Hopefully your day-that-happened-to-be-Christmas was full of family togetherness, holiday cheer, and of course, lucrative acquisitions. And once again Apple’s iPod dominated the retail scene. While sales figures aren’t out yet, I think there’s a strong possiblity that a new iPod was among those acquisitions ilounge claims more ipods sold in 2006 than 2001-2005 combined.
So, in the interest to providing security for all those iPods newly given and received, as well as those that have been hanging around, here’s a quick tip that will help to ensure the safety of your mp3 player in the event it becomes separated from you. It makes use of the iPod’s Notes feature and is something I’ve done with each iPod I’ve owned since I got my first one nearly five years ago has it really been five years?.
This procedure works for all iPods with a screen and the principle is simple. Drop a text file with the name Owner Info.txt into the Notes folder on your iPod. To do this, the iPod must be mounted as a drive on your desktop, which you can do by selecting Enable Disk Use from iTunes.
On Windows, use Notepad to create the file. By default, it saves a text file format, which is required for the note to work. On Mac OS X, use TextEdit, but make sure you must select Make Plain Text from the Format menu before saving.
Inside this text file, type a short message about to whom the iPod belongs and ways to contact you: email, phone, website, instant messenger, etc. You can even include a physical address in hopes that some kind soul will mail it back to you or drop it off in person. In this case, it may be wiser to use a work address or P.O. box if you have one; you probably don’t want any nefarious types knowing where you live.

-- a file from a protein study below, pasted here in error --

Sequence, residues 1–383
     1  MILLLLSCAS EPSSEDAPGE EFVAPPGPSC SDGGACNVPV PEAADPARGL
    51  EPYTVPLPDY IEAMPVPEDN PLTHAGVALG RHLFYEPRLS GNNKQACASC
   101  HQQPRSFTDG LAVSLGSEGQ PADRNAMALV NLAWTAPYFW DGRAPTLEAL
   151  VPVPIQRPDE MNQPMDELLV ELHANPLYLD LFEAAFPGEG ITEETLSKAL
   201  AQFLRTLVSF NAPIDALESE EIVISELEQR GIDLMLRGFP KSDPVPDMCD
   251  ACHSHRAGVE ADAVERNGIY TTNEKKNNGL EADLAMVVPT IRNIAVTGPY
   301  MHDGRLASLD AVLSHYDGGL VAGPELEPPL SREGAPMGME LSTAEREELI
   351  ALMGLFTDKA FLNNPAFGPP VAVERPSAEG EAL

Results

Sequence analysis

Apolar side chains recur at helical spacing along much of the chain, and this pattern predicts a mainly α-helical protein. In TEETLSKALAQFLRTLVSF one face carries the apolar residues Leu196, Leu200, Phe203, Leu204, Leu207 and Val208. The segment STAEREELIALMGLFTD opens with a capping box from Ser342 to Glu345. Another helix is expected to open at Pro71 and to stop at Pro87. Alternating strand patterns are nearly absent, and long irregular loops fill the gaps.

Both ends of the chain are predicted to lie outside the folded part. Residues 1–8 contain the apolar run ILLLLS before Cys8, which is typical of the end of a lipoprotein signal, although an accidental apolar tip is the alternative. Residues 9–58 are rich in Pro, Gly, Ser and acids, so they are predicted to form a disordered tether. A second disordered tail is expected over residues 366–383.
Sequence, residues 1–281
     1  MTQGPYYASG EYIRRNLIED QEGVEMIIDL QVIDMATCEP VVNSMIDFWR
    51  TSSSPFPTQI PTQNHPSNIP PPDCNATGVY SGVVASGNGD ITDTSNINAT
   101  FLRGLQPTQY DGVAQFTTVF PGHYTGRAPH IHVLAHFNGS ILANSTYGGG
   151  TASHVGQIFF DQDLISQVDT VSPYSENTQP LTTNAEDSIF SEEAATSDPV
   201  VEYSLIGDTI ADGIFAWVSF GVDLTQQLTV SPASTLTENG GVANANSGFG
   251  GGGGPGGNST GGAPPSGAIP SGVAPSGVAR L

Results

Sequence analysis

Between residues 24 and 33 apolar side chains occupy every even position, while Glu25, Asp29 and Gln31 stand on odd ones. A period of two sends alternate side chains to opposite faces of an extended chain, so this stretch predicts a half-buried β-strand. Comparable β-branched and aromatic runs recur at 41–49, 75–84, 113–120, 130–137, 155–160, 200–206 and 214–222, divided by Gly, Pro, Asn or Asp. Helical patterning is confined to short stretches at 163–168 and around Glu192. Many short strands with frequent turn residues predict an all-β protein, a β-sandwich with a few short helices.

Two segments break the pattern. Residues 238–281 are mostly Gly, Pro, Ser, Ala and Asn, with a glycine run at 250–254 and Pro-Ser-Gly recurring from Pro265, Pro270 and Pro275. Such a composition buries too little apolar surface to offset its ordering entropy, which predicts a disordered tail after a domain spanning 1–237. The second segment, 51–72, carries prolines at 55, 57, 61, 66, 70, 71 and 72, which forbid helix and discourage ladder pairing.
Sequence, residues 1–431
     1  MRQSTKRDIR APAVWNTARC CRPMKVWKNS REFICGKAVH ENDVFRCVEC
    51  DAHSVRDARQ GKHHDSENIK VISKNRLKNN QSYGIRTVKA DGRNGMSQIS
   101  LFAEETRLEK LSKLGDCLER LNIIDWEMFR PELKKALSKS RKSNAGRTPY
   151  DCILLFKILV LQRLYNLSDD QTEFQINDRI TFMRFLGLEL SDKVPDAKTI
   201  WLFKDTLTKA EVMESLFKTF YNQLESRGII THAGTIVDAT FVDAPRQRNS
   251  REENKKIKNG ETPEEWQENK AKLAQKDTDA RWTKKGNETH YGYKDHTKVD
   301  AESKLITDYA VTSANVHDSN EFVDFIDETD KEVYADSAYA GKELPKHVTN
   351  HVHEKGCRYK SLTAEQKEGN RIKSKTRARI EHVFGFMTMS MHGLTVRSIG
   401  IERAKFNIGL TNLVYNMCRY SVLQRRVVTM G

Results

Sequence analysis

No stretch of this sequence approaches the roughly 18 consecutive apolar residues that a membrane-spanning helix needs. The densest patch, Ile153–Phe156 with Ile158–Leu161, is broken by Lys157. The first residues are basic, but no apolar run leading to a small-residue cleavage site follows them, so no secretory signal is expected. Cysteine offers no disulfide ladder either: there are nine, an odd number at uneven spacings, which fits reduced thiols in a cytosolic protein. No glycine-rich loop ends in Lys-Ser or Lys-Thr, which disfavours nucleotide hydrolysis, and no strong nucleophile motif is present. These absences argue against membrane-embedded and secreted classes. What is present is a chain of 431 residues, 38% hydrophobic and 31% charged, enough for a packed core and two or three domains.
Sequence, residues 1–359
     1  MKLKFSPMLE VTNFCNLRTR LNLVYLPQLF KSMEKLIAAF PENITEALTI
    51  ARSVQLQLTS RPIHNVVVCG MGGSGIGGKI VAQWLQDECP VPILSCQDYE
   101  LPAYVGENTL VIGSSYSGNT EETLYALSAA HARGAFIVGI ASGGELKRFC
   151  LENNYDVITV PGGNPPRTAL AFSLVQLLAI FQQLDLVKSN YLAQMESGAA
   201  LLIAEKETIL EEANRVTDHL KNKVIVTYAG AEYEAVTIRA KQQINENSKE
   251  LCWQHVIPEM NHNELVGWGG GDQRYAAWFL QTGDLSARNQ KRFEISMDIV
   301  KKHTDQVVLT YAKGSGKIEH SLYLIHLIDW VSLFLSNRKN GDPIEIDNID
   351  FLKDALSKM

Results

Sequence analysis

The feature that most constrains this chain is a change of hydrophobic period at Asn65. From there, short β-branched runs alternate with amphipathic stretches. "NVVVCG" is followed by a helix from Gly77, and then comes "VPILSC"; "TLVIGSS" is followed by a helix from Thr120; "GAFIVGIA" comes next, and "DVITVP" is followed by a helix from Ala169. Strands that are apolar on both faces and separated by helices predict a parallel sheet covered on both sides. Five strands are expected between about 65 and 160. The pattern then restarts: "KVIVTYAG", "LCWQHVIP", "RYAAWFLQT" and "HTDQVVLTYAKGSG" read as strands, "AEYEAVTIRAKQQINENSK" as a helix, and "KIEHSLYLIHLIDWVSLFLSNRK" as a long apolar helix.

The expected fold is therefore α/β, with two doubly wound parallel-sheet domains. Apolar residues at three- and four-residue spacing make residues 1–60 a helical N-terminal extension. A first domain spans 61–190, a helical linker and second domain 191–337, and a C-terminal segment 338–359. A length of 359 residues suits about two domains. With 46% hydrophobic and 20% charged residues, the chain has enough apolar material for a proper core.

When you’re finished with your message, save it with the filename Owner Info.txt into the Notes folder. On your iPod, browse to
Extra > Notes > Owner Info.txt and you’ll see your message displayed on screen. Should you lose your iPod, the person who finds it can read your message and contact you to return it.
If you ever sell or give your iPod away, make sure you change or remove the file.
Of course, this isn’t a fool-proof suggestion. It’s primarily designed to help honest people return a lost iPod and, to a certain extent, help buyers of second-hand iPods identify stolen property. If any would-be thieves are savvy enough, they can easily delete or change the Owner Info.txt. Though, once you save your file, you can always turn off Enable Disk Use to set up a roadblock. Even if someone resets the iPod by linking it to a new iTunes library, your owner message will remain intact.
Additionally, if you use a case with your iPod, drop a small slip of paper behind it with the same contact info. Then you’ll have one more avenue of protection in the event of loss or theft.
Hopefully though, the more people who do this, the more standard it will become. If this practice reaches a critical mass, like luggage tags on a suitcase, people will automatically know where to look to contact an iPod that’s lost its owner.